counters that Plaintiff “improperly conflates the standard for pleading damages in an
action for the breach of the implied covenant of good faith and fair dealing with an
ordinary breach of contract action.” (Doc. No. 46.) Defendant argues that, for breach of
the implied covenant of good faith and fair dealing, Defendant only needs to plead that
Plaintiff “acted in such a way that evaded the spirit of the contract, denied [Defendant] its
expected benefit of having the opportunity to correct or cure the defects in the loans, and
was damaged as a result.” (Doc. No. 46.)
To survive a motion to dismiss for failure to state a claim, a pleader’s allegations
must contain “sufficient factual matter, accepted as true, to ‘state a claim to relief that is
plausible on its face.’” Ashcroft v. Iqbal, 556 U.S. 662, 678 (2009) (quoting Bell Atl.
Corp. v. Twombly, 550 U.S. 544, 570 (2007)). “[A] formulaic recitation of the elements
of a cause of action will not do.” Twombly, 550 U.S. at 555. The reviewing court must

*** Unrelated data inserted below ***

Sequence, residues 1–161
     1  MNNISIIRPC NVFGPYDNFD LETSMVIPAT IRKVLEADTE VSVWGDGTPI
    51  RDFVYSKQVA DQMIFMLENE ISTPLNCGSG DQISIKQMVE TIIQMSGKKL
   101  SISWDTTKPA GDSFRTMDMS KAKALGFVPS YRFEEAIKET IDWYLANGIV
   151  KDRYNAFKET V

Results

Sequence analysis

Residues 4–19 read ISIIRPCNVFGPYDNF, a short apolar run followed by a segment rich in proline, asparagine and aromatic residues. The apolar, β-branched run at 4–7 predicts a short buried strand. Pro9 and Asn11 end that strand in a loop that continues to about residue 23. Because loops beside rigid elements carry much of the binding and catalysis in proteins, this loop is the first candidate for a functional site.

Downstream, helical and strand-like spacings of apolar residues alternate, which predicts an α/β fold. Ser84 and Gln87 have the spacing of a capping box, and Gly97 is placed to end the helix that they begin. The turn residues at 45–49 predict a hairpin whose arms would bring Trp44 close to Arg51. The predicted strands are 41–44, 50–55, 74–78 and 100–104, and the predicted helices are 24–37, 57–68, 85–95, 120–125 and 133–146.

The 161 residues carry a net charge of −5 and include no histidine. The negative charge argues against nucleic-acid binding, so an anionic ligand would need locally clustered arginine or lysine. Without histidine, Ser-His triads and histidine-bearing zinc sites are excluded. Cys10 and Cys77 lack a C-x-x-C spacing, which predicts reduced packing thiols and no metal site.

accept the pleader’s factual allegations as true and construe them in the pleader’s favor,
but it is not required to accept the legal conclusions the pleader draws from the facts
alleged. Iqbal, 556 U.S. at 678; Retro Television Network, Inc. v. Luken Commc’ns, LLC,
696 F.3d 766, 768-69 (8th Cir. 2012).
Under Missouri law, “a covenant of good faith and fair dealing is implied in every
contract.” CitiMortgage, Inc. v. Chicago Bancorp, Inc., 808 F.3d 747, 751 (8th Cir.
2015) (citation omitted). “Breach of the implied duty of good faith and fair dealing is a
contract action.” Kroger v. Hartford Life Ins. Co., 28 S.W.3d 405, 413 (Mo. Ct. App.
2000). Damages resulting from a breach of contract constitute an essential element in a
contract action, and this rule is applicable to a claim for breach of an implied covenant of
good faith and fair dealing. See id.; see also CitiMortgage, Inc. v. K. Hovnanian Am.
Mortg., L.L.C., No. 4:12CV01852-SNLJ, 2013 WL 5355471, at *4 (E.D. Mo. Sept. 20,
2013) (citations omitted). A party violates the covenant of good faith and fair dealing
when it “exercises a judgment conferred by the express terms of the agreement in a
manner that evades the spirit of the agreement and denies the [other party] the expected